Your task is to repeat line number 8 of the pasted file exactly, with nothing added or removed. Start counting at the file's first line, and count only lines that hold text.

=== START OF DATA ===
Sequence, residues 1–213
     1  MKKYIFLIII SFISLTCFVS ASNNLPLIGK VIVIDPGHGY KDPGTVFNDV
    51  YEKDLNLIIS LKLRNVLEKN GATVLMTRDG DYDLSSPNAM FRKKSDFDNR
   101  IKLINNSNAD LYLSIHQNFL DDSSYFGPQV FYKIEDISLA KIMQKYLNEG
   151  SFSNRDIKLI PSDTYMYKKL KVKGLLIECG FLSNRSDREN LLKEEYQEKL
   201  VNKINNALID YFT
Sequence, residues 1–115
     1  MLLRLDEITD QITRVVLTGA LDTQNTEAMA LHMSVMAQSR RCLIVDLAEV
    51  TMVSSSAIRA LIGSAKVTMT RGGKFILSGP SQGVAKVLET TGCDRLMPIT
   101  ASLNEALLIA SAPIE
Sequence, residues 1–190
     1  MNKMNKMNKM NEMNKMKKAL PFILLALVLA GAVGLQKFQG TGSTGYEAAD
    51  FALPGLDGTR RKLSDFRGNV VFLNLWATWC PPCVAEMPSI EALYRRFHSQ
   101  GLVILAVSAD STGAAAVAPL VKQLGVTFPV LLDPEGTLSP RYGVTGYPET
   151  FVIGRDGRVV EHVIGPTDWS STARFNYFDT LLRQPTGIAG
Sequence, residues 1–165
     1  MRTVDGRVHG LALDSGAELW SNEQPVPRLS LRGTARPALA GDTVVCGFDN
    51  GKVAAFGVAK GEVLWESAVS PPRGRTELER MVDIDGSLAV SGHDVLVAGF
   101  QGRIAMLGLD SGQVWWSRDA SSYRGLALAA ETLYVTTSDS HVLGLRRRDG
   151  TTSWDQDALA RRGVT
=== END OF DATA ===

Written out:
     1  MLLRLDEITD QITRVVLTGA LDTQNTEAMA LHMSVMAQSR RCLIVDLAEV